Ending prolonged rough-sleeping with Housing First
While the provision of social housing or secure long term private sector tenancies is the solution for the majority of people in emergency accommodation, it will not be sufficient by itself to reduce rough-sleeping and long-term homelessness.
Many people who sleep rough, and who are frequent users of emergency hostels and shelters, have complex needs around mental health and addiction, or have come out of state institutions. They require individualised care and assistance to successfully move from homelessness to a sustainable tenancy. Fine Gael understands this and that is why we are committed to the implementation of Housing First. With Housing First, the priority is to assist a person who has experienced homelessness into permanent housing as quickly as possible, where they can receive the tenancy and health aids that they require. Housing First recognises that a stable home provides the basis for recovery in other areas. Already under Housing First 250 number of people have been housed with an 85% tenancy sustainment rate which shows that Housing First is working. Another 221 tenancies are being created over the next year with 663 to be created by 2021.
This will help build upon the progress to date in reducing rough-sleeping which has fallen 40% in Dublin from 184 people in Winter 2017 to 110 in Spring 2018. Through implementation of Housing First on a national basis we will make rough-sleeping rare over the next three-years.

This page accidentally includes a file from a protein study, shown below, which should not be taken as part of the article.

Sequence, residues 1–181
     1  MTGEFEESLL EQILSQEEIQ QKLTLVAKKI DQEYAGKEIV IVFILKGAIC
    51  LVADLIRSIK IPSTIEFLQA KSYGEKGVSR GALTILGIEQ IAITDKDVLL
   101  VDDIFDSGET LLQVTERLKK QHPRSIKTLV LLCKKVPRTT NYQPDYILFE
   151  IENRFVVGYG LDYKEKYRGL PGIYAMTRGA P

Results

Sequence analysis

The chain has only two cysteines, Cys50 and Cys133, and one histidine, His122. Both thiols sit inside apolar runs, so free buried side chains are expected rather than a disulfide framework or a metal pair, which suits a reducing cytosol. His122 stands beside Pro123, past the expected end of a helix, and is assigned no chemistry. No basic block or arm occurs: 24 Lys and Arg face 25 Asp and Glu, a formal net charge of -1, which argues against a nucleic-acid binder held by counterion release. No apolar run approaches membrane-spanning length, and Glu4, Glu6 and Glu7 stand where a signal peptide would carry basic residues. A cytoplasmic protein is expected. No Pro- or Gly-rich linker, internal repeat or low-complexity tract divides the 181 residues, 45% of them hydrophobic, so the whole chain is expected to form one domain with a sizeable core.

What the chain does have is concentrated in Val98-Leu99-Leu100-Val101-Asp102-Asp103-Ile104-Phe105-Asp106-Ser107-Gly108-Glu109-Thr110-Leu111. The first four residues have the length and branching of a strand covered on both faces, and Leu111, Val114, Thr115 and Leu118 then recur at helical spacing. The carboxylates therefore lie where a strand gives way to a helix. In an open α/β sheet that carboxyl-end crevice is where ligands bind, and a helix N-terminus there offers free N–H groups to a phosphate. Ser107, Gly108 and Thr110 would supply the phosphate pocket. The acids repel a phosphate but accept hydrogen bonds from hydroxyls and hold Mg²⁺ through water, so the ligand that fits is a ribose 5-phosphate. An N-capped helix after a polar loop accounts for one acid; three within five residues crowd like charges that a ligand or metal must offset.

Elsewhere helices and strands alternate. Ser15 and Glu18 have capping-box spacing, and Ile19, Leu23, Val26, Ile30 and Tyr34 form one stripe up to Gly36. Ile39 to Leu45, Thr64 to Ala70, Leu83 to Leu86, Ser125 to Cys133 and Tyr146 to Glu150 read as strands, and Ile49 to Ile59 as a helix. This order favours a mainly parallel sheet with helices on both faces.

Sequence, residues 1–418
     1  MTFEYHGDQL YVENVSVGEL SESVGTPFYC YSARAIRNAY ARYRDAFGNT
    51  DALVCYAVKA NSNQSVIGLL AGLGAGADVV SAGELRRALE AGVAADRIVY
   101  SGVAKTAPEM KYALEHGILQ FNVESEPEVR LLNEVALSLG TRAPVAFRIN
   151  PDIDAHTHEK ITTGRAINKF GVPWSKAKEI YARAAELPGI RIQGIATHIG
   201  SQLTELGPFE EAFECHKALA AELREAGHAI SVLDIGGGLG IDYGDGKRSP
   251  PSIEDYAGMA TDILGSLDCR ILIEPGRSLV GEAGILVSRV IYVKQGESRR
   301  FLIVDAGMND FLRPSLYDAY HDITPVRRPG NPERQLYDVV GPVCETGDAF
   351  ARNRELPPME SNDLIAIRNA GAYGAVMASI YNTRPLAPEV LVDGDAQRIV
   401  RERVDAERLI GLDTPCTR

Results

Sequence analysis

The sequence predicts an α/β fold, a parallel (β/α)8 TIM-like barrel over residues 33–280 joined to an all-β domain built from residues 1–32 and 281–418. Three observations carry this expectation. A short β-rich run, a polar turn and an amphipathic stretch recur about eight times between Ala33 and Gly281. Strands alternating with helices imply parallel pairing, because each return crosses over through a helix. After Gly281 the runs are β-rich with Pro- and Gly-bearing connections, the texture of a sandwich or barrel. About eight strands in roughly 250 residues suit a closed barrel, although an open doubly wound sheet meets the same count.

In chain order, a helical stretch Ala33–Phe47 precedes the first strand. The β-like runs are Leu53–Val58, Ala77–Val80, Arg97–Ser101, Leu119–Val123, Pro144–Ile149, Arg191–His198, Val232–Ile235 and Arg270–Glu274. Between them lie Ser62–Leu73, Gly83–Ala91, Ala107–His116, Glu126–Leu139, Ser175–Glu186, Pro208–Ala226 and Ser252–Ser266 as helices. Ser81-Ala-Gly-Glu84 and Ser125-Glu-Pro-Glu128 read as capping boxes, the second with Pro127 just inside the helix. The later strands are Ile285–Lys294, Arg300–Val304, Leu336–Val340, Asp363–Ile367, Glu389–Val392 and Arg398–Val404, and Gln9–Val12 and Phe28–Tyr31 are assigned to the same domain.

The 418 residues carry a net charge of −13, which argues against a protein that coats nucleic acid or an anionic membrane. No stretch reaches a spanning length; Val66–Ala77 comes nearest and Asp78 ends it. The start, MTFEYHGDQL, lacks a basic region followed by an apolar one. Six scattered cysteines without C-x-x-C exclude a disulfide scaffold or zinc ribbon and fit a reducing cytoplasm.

Local Property Tax to part-finance local government
The Local Property Tax is an important part of the funding of local government and provides a fairer alternative to more taxes on income or jobs. Therefore, Fine Gael is committed to retaining it. Removing it will leave a hole of €485m in the public finances.
A review of the Local Property Tax is now being carried out by the government. House prices have increased significantly since the valuations for the LPT were set in 2013. Therefore, we are working to ensure nobody faces a large or sudden increase in their LPT.
Good quality, affordable student accommodation
Over the past two years, more than 5,500 additional student bed spaces have been built while over 7,000 more are under construction. A further 7,000 student beds have received planning permission in recent times as well. This is in line with the National Student Accommodation Strategy which identified a target of 24,000 student beds by 2024. We will continue to work so that the supply of student accommodation continues to increase. We will enact legislation to introduce rent caps on specifically-built student accommodation.
Regulating short-term tourism lets
The emergence of short term lets, most notably Airbnb, have greatly improved the tourism offering in Ireland and across the world. In the main, it has been an extremely positive development, allowing for new experiences for tourists and a way for home-owners to earn some additional money. However, the practice of letting out full houses on repeated short-term lets has had the effect of reducing the supply of housing that would normally be available for long-term rent.
Therefore we will introduce regulations that prohibit short-term lettings of a house or apartments for more than 90 days a year, unless planning permission is granted by the relevant Local Authority. This will only impact situations where the whole house or apartment is put up for short-term letting and will not stop the situation where a person places a room in their home up for a short-term let or places their home for short-term let or home swap for less than 90 days.